to M. C. Solan; email:
matthewsolan1@aol.com or unstable. about the pattern of the fracture before decid-
This issue of The Bone & Joint Journal ing management, and planning surgery. We
©2017 The British Editorial
Society of Bone & Joint includes a paper by Bali et al6 regarding the sur- believe that when this guidance is revised, the
Surgery gical treatment of complex posterior malleolus recommendation should be to emphasise that
BJJ-2017-1072 $2.00 fractures. The authors emphasise the impor- CT scans are not optional, but instead are an
tance of a CT scan to classify the fracture, and essential part of this process for all fractures
Bone Joint J
2017;99-B:1413–19. describe one way that a posteromedial where there is evidence, or suspicion, of a

VOL. 99-B, No. 11, NOVEMBER 2017 1413


even without fixation, after a sufficient period of immobili-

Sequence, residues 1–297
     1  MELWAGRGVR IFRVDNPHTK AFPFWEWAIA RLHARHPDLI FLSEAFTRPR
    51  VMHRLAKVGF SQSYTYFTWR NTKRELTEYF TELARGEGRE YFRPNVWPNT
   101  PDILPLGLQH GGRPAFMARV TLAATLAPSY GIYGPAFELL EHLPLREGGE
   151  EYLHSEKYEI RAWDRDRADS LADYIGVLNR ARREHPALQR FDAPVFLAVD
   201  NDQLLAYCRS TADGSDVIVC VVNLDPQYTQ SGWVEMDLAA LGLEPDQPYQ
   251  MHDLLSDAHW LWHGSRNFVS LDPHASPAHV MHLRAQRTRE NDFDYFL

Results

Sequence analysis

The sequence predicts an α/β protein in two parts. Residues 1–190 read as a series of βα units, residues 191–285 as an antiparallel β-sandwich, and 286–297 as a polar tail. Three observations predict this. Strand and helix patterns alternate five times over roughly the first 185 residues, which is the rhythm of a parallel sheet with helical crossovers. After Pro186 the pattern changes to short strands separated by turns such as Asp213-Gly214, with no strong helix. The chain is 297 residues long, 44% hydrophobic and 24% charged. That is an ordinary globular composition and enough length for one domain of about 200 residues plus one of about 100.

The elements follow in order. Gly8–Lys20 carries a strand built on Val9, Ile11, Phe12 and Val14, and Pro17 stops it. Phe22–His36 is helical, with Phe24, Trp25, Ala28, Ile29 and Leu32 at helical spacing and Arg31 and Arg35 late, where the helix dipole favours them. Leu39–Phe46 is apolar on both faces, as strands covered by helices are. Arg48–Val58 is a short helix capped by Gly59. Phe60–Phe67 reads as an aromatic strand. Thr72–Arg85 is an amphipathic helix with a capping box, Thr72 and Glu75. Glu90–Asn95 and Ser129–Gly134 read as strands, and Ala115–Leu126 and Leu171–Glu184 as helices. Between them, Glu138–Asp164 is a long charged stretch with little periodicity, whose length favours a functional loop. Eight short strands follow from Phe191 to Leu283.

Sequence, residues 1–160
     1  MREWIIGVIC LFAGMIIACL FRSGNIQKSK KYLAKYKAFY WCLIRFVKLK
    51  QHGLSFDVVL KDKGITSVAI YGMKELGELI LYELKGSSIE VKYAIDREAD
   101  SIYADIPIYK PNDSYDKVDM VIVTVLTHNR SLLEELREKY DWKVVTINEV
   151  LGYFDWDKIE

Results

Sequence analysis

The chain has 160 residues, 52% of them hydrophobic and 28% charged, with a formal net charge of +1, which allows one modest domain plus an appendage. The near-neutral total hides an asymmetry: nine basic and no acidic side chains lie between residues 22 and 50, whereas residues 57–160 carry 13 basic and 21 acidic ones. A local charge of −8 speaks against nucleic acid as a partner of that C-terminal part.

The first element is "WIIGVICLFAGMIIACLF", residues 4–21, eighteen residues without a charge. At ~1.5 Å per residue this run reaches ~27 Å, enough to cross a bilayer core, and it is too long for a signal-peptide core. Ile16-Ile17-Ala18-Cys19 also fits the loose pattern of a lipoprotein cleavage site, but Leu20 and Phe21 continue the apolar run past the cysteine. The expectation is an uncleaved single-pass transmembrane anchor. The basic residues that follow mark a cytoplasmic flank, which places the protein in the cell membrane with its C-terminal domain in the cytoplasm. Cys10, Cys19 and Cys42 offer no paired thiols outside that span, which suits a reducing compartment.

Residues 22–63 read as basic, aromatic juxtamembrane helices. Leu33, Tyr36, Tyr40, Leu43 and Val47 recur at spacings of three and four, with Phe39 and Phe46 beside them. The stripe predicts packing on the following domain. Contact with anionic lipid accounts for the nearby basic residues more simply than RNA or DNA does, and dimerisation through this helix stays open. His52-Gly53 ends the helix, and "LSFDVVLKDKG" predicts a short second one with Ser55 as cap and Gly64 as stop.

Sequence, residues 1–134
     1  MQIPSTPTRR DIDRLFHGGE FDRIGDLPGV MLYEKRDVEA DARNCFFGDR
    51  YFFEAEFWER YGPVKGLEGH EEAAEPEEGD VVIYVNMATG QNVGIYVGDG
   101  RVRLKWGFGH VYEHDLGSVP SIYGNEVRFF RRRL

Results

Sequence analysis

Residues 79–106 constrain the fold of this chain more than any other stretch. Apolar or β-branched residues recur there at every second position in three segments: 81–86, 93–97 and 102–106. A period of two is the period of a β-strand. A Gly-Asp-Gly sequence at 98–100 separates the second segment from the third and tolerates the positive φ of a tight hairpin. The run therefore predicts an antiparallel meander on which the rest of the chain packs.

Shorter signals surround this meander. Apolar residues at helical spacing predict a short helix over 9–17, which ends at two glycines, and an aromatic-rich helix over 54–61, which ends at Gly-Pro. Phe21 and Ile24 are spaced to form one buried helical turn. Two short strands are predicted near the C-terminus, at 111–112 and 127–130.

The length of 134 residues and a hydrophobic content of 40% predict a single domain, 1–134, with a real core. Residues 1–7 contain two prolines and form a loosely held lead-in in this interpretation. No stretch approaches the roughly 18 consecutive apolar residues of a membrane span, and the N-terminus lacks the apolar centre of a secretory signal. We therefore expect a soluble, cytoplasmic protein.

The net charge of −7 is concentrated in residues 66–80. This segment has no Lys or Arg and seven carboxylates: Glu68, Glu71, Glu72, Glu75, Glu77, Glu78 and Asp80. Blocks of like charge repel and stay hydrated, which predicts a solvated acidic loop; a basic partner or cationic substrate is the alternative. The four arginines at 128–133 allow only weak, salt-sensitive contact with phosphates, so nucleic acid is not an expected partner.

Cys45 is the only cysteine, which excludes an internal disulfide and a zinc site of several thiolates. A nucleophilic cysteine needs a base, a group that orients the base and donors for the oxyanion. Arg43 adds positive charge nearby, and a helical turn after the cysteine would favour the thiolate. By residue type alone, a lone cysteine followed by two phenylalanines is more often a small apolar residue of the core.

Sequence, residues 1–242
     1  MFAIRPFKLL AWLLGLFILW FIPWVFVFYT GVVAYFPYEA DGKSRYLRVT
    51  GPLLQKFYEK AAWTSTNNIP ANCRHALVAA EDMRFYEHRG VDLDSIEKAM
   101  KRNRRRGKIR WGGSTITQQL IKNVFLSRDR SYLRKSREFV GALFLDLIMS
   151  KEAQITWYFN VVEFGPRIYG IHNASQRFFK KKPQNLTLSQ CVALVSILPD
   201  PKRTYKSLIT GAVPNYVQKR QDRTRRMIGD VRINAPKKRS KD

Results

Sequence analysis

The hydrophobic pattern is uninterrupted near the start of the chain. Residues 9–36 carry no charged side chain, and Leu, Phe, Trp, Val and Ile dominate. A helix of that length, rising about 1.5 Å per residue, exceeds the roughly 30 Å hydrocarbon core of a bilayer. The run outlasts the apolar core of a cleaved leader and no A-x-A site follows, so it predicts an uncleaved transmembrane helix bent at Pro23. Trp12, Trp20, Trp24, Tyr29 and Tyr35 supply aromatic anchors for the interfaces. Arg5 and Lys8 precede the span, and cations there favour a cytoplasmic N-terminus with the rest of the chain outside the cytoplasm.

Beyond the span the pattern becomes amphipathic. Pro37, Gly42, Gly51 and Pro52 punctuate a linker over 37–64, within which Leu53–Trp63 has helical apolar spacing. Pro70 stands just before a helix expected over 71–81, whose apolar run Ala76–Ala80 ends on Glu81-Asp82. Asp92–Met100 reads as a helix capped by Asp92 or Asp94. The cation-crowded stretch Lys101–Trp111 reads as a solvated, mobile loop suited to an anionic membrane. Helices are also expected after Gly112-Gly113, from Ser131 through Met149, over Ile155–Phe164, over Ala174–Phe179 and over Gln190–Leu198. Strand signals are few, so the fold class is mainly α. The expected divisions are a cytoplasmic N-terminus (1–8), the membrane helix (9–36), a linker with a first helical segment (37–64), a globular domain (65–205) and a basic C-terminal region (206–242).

sation. This is because the posteroinferior tibiofibular liga-
ment connects the distal fibula and the posterior malleolus.
Accurate reduction cannot be assured, however, and an
intercalated fragment, which would only be seen on a CT
scan, is one possible reason for this.23 Also, if the lateral
malleolus fracture is fixed in isolation, because it is attached
by the posteroinferior tibiofibular ligament to the posterior
malleolus fragment, the latter may displace, and even small
degrees of displacement will affect the healing ‘length’ of the
posterior syndesmotic osseo-ligamentous component and,
Fig. 1
ultimately, result in posterolateral talar instability.
Post-operative CT confirms articular Furthermore, the surgeon who prefers to ignore the poste-
rior malleolus is extremely likely to recommend prolonged
periods of non-weight-bearing post-operatively, making the
fracture of the posterior malleolus. Plain radiographic recovery from injuries treated this way arduous and costly. If